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Compare 1577 edition: 1 Therevpon when he had shewed the great grace that God giueth, and secretlie infundeth in right generation after the lawes of matrimonie, then de|clared he, that commonlie those children lacked that grace, and for the punishment of their parents were (for the more part) vnhappie, which were gotten in base, and speciallie in adulterie. Of which, though some, by the ignorance of the world and the truth hid from knowledge, inherited for the season other mens lands, yet God alwaie so prouideth, that it continueth not in their bloud long: but the truth comming to light, the rightfull inheritors be restored, and the ba|stard slip pulled vp yer it can be rooted deepe. And so he did laie for the proofe and confirmation of this sentence certeine insamples taken out of the old te|stament, and other ancient histories.

Compare 1577 edition: 1 Then began he to descend into the praise of the lord Richard late duke of Yorke,This prea|cher was taught his lesson yer he came into the pulpit. calling him father to the lord protector, and declared the title of his heires vnto the crowne, to whome it was (after the death of king Henrie the sixt) intailed by authoritie of parle|ment. Then shewed he that his verie right heire of his bodie lawfullie begotten was onelie the lord pro|tector. For he declared then,K. Edward s [...]andered in a sermon. that king Edward was neuer lawfullie married vnto the queene, but was before God husband vnto dame Elizabeth Lucie, and so his children bastards. And besides that, neither king Edward himselfe, nor the duke of Clarence, among those that were secret in the houshold, were reckoned verie suerlie for the children of the noble duke, as those that by their fauours more resembled other knowne men than him. From whose vertuous conditions he said also that the late king Edward was far off.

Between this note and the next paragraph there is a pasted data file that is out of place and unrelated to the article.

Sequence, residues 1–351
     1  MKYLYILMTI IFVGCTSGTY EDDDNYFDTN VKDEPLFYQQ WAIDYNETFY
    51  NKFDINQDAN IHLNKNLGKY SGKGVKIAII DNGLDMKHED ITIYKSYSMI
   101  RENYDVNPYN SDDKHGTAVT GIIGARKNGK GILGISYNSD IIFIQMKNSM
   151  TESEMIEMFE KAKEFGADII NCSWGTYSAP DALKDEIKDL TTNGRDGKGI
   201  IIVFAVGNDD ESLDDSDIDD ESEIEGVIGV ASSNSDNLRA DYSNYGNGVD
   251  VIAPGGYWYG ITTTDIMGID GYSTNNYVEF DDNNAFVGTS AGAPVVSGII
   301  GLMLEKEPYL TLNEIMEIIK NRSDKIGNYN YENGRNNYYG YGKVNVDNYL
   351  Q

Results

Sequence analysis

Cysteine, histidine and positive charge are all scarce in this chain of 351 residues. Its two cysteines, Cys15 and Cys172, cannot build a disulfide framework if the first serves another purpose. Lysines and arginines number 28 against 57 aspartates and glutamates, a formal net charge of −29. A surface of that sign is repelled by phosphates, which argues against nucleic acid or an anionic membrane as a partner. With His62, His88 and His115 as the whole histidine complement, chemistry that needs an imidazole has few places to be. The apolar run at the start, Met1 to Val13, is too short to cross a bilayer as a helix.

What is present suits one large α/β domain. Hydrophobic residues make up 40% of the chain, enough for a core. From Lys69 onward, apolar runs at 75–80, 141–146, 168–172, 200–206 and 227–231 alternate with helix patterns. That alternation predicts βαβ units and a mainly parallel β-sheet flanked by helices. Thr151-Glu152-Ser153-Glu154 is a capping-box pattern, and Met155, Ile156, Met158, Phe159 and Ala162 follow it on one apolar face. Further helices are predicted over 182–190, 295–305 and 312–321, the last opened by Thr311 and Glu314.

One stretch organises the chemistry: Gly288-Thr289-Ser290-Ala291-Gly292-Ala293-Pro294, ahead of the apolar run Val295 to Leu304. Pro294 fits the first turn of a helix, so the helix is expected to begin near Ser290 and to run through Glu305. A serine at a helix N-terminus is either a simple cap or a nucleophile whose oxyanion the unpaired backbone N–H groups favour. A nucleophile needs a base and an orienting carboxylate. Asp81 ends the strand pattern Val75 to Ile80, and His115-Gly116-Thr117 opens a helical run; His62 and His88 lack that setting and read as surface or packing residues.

Compare 1577 edition: 1 2 But the lord protector he said, the verie noble prince, the speciall paterne of knightlie prowesse, as well in all princelie behauior, as in the lineaments and fauour of his visage, represented the verie face of the noble duke his father. This is, quoth he, the fa|thers owne figure, this is his owne countenance, the verie print of his visage, the sure vndoubted image, the plaine expresse likenesse of that noble duke. Now was it before deuised,A maruelous deuise to mooue the assemblie. that in the speaking of these words, the protector should haue comen in a|mong the people to the sermon ward, to the end that those words méeting with his presence, might haue béen taken among the hearers, as though the Holie-ghost had put them in the preachers mouth, & should haue mooued the people euen there to crie; King Ri|chard, king Richard! that it might haue béene after said, that he was speciallie chosen by God, and in EEBO page image 728 maner by miracle. But this deuise quailed, either by the protectors negligence, or the preachers ouermuch diligence.

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